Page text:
I have to think your 1-2 and 2-3 shifts are hurting you. I also tend to believe you should shift no later than 4000-rpm. 4500-rpm is too far past your peaks. You might benefit from a visit to the dyno. Have the operator run it right to 4600-RPM. Even if the numbers are not "accurate," they will be accurate with respect to one another and show you when your car is making peak power and torque. Your engine might be falling flat after 4200-RPM... who knows? My car's peak power is around 3500-RPM. Therefore, I try to shift by 4000-rpm to return me to about 3000-RPM in the next gear. You might benefit from a similar driving style (obviously, 3000-rpm was too early).

With your trap speeds, you really should be faster than me (unless your car's extra weight is killing you early). But you'll certainly fix your early times with better rubber. :cool: I may get better rubber someday, too.

Take Care,

Scott
 

Stealth TDI

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Location
Newport News, VA
TDI
2017 GTI w/PP, LP, & APR Stage 2 (336 hp/404 lb-ft)
Spartan,

C&D tested my 98 TDI and ran an 18.6 at 77-mph. I could swear the A4 TDI was similar. Your 18.4 seems consistent with stock times.

Scott
 

jetta-girl

Veteran Member
Joined
Feb 24, 2006
Location
WA
TDI
06 Jetta TDI
Thank you guys for your input. I'm so frustrated with my sloppy shifting. Yes, 4500 RPM is way too late, 4000 would be way better. I need to pay better attention and maybe I'll get it. Last season, I was shifting awesome and turning out some decent runs, but this season, I glance at my tach and have an "oh, sh!t" moment, then shift.:eek: That happens about the 4500 RPM range. I've even hit the rev limiter on accident as soon as I launch.
I'm racing again this Friday the 13th, and my main goal is to try and get my tires to hook up before I stomp on it, and pay better attention to my tach. I find myself looking at my new boost/EGT gauge. Which is totally stupid because it has a high value recall. So, yeah, in a nutshell, I need to get my game back. I'm determined and have my mind set on it.:)

BJMarler, I leave the Digi-PD on "F" all the time. My TPC is set for a sustained PSI of 21~22. Until I figure out how to make my tires handle the power I have, I'm not planning on upping the PSI just yet. I've already used my racing budget for this year, so unless I make more racing money, drag radials and wheels are going to have to wait until next season.:(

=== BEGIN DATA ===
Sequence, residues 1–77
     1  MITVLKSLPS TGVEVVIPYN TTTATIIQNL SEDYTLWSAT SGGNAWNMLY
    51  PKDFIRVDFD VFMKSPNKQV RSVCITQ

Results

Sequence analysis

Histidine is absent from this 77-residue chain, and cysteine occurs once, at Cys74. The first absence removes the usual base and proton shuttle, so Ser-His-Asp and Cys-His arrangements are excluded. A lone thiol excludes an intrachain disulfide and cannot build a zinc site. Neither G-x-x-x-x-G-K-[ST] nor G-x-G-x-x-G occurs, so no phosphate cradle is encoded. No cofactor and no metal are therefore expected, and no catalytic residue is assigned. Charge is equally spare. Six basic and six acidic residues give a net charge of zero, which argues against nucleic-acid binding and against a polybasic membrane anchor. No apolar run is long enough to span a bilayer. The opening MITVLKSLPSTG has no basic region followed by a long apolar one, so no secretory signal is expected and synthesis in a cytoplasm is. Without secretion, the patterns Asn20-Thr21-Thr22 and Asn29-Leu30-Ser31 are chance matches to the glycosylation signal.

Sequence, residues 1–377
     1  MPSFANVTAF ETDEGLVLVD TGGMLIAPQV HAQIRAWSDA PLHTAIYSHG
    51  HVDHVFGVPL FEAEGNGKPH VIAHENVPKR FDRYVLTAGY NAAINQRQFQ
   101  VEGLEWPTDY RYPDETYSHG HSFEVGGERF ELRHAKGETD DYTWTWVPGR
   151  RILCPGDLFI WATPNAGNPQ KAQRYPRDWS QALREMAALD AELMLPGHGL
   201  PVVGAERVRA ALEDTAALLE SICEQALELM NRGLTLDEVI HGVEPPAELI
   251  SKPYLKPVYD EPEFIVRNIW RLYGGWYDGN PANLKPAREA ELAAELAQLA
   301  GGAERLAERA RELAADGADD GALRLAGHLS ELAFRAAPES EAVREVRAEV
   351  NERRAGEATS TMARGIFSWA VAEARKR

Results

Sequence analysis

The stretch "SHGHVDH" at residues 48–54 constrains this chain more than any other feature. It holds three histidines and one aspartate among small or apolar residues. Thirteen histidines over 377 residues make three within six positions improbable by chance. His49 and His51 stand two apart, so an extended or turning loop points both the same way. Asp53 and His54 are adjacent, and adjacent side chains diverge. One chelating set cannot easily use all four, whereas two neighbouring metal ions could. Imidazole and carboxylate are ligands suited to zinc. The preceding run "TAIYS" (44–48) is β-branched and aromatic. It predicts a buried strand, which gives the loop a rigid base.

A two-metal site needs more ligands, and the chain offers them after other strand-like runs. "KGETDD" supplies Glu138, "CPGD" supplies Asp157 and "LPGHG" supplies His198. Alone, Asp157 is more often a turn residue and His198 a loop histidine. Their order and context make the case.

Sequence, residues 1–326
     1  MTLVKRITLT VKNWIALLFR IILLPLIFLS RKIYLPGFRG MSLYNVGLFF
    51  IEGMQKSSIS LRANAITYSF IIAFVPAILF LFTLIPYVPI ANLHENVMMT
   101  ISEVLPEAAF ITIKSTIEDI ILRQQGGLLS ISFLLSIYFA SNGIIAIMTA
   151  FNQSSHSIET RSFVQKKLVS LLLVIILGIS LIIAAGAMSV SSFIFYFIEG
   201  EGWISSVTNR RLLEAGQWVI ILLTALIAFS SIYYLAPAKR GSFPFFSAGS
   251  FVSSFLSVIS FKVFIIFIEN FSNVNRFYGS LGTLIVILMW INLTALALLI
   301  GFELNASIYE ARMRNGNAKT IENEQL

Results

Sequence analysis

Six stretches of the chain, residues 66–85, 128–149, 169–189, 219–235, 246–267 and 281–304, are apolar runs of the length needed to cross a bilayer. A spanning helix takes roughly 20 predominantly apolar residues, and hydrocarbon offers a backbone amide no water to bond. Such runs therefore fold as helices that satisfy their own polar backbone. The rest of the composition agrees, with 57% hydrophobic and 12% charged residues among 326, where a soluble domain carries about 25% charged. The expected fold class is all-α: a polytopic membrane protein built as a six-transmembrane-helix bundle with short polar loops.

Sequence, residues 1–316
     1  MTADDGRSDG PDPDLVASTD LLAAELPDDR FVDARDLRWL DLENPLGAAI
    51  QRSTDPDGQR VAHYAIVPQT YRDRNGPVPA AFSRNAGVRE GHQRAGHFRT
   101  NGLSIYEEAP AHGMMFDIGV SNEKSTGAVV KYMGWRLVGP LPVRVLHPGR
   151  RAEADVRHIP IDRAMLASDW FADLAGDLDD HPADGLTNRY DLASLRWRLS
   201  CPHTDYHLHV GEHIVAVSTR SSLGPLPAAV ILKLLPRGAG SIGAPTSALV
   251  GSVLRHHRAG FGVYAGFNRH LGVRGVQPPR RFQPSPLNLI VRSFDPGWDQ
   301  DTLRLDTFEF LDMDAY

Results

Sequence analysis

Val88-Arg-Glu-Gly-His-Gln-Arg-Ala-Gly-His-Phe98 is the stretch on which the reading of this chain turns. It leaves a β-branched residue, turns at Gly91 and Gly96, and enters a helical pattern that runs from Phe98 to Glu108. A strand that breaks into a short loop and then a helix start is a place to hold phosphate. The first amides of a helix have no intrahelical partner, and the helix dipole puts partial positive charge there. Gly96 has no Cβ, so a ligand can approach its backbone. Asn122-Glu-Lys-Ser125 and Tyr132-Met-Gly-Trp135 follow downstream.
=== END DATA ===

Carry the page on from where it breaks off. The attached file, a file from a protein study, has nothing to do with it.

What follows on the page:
Scott, I noticed the same inconsistancies in our respective time slips. The only explanation I have is all the time I'm losing by spinning the tires for such a long time. Does that make any sense?? I'm still using the stock tires which are hard and heavy, I know it's not good, but I'm on a budget. I have better tires in the garage, but haven't had the time to put them on yet. We just moved, so you can imagine how busy that makes me. Maybe I'll try to get the tires swapped out soon and see how much of a difference that makes...

I really appreciate you guys helping me out, and I'll be sure to let you know how I do this Friday. I'm going to try real hard to be shifting closer to 4000RPM.
Sarah
 

Stealth TDI

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Location
Newport News, VA
TDI
2017 GTI w/PP, LP, & APR Stage 2 (336 hp/404 lb-ft)
Sarah,

I just thought of something: The GTechPro has a shift light. I'm not sure if it's annoying enough to get your attention. But you could set it for 3800-rpm. By the time you recognize the light blinking at you eye, you'd actually be shifting at 4000.

Just a thought...

Scott
 

jetta-girl

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Joined
Feb 24, 2006
Location
WA
TDI
06 Jetta TDI
I would love that, but I'm debating on where to put one.:confused: I wish I could just be better disciplined, but maybe it's a better idea to have a machine tell me what to do!;) :D
Thanks for the idea!
 

Jeffmx5

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Joined
Jul 31, 2005
Location
Dunstable, MA, USA
TDI
Golf, 2002, Red / New Beetle, 2000, Red
4K shift point

I don't know if you have access to VAGCOM but it can be very educational if you do. I have done full throttle runs ( to diagnose a bad MAF ) from idle to 5k rpm while logging boost pressure among other things.